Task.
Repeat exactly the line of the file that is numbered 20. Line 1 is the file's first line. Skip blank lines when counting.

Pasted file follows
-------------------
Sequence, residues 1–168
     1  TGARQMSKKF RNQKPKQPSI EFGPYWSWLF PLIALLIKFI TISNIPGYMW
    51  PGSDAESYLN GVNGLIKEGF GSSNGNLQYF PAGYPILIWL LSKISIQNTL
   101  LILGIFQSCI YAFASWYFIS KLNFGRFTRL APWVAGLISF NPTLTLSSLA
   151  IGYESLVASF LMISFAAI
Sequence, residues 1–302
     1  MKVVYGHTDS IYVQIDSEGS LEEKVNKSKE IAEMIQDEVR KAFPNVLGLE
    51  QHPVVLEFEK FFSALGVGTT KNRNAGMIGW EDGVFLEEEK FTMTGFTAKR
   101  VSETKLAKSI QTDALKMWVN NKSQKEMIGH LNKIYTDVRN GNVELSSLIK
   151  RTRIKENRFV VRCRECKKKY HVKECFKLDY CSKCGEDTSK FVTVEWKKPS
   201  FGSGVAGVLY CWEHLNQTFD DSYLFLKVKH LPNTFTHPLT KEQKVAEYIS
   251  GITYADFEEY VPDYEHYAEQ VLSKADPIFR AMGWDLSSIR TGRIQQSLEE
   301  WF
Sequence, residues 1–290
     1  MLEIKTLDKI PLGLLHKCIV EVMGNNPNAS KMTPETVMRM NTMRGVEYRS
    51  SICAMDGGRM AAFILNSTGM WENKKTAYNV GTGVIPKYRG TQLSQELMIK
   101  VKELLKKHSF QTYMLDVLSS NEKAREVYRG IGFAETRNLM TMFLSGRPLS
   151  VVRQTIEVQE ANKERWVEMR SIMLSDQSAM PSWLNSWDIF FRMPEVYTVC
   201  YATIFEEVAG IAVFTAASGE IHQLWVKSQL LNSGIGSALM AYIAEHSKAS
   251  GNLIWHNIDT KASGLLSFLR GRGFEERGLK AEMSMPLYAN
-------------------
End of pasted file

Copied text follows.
   251  GNLIWHNIDT KASGLLSFLR GRGFEERGLK AEMSMPLYAN